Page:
It was an exciting year for maternal health. The UN Commission on Life-Saving Commodities for Women and Children (UNCoLSC) had just released its report with 10 recommendations for improving access to 13 priority commodities that included 3 for maternal health: oxytocin, misoprostol and magnesium sulfate.  The UNCoLSC report also reflected the idea that a systems approach was necessary and included recommendations related to both upstream and downstream supply chain bottlenecks, information, financing and appropriate use. That same year, the Maternal Health Supplies Caucus of the Reproductive Health Supplies Coalition held its first membership meeting in October for the purpose of joining the maternal health and family planning communities to “draw on existing approaches to address the bottlenecks undermining commodity security across health systems.”

Since then, great progress has been made in identifying the bottlenecks to access, raising awareness of the complexity of addressing these challenges and increasing global commitment to ending preventable maternal deaths as part of the post-2015 development agenda.

Improving governance

With respect to governance, through the efforts of the UNCoLSC to promote coordinated national strategies for Reproductive, Maternal, Newborn and Child Health (RMNCH), the need for coordinated planning among all stakeholders, including measures of accountability, has come to the forefront.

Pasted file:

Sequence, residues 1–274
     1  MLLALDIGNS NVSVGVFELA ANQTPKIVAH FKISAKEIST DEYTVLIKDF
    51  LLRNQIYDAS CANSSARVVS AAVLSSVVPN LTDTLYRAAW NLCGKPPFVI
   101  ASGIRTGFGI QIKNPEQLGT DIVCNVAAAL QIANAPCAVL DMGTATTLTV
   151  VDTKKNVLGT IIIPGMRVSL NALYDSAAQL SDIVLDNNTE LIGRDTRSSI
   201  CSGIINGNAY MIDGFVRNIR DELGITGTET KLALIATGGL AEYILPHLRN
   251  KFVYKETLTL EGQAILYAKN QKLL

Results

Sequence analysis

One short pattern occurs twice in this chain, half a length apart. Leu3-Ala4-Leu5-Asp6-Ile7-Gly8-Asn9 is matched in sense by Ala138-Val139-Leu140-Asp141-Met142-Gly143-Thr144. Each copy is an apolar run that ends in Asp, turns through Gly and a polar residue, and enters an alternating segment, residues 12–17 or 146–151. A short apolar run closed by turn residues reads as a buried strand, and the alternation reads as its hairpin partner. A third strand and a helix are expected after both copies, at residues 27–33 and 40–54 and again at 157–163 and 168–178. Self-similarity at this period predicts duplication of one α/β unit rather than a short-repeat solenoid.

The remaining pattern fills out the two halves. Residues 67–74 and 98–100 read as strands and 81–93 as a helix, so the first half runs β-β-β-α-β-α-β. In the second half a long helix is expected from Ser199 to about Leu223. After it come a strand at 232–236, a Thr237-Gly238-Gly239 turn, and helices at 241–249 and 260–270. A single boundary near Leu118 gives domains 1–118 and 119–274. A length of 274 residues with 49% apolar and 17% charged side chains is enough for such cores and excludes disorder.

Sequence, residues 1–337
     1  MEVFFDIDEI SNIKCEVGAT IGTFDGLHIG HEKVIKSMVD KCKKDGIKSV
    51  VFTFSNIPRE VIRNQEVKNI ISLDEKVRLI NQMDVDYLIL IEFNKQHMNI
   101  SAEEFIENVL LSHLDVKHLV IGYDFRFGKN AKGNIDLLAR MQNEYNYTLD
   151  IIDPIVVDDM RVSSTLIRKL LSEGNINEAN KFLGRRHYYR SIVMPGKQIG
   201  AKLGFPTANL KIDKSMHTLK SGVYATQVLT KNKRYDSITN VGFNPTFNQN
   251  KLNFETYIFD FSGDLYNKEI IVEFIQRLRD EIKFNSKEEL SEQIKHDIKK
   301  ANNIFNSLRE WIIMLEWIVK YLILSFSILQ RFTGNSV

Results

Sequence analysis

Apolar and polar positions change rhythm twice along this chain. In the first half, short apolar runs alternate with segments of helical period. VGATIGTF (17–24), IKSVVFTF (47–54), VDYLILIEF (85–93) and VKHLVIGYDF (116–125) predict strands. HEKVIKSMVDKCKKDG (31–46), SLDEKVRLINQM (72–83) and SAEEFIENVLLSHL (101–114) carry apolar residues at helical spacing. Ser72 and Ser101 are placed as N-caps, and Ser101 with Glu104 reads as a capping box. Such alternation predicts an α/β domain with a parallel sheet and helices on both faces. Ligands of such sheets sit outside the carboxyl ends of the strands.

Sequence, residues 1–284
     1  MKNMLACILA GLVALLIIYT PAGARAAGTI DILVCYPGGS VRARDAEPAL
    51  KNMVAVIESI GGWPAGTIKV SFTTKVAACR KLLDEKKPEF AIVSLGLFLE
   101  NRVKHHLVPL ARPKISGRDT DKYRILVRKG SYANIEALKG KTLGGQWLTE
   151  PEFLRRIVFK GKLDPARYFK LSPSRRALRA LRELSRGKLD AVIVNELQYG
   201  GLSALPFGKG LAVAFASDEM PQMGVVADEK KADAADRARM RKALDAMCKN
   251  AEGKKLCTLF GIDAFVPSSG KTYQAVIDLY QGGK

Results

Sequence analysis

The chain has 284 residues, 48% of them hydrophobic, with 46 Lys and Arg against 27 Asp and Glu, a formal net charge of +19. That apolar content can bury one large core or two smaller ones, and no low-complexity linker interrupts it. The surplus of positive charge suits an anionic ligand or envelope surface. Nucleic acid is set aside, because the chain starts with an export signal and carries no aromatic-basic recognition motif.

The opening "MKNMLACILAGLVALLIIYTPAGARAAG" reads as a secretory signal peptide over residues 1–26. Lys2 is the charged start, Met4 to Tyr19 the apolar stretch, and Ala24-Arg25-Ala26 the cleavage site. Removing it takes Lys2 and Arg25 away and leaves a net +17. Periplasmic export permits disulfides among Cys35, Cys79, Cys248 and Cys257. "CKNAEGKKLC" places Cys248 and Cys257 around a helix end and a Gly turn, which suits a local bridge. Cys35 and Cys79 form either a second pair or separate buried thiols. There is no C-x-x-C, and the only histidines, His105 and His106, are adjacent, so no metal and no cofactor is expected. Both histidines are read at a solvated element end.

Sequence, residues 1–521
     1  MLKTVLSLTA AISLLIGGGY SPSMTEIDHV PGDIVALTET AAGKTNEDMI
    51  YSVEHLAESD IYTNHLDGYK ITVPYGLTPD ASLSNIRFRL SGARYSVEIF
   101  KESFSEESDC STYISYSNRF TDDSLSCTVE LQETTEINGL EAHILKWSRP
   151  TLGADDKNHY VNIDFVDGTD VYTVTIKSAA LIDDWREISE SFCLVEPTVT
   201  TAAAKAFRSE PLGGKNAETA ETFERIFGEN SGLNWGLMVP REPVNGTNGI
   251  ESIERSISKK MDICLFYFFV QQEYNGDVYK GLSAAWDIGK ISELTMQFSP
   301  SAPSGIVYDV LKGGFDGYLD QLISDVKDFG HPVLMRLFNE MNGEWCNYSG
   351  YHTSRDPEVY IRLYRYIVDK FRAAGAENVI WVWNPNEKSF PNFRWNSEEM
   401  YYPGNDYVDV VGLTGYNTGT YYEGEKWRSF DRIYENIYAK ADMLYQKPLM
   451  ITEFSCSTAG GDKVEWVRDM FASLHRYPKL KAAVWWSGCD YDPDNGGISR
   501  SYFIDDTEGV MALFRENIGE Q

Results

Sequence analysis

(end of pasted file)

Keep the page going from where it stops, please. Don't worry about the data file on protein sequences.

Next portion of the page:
Reviewing national policies — such as the essential medicines lists and standard treatment guidelines — and advocating for the inclusion of the three priority maternal health medicines in these policies has raised awareness of both the need to harmonize policies at the national level and the challenges to implementing these policies.

Recognition of the importance of the regulatory role governments play in ensuring the quality of products in circulation in the public and private sectors has also grown. In a recent study conducted by the USAID-funded Systems for Improved Access to Pharmaceuticals and Services program (SIAPS) in Bangladesh, we found that over 40% of the oxytocin in circulation at the district level was procured from local wholesalers.

Strengthening supply chain management

In terms of supply chain challenges, resources are now available to assist countries in more accurate forecasting for maternal health medicines. The Estimation of Unmet Medical Need for Essential Maternal Health Medicines developed by SIAPS (a project led by Management Sciences for Health with partners) presents an approach that allows national program managers and other key stakeholders to assess a country’s theoretical need for the three maternal health commodities and compare this with actual procurement data from past years in an effort to make more evidence-based decisions. The RMNCH quantification guidance developed by the Supply Chain Technical Resource Team of the UNCoLSC also includes the three maternal health medicines.

Information for decision making

Over the past three years, we have also learned how little information is readily available about these commodities and the conditions they are meant to treat at the country level. In many cases, logistic management information systems do not capture these three products (and many others necessary for maternal health). Likewise, health information systems do not necessarily capture the number of women who develop post-partum hemorrhage and are successfully treated. Efforts are currently underway in a number of countries to address this problem.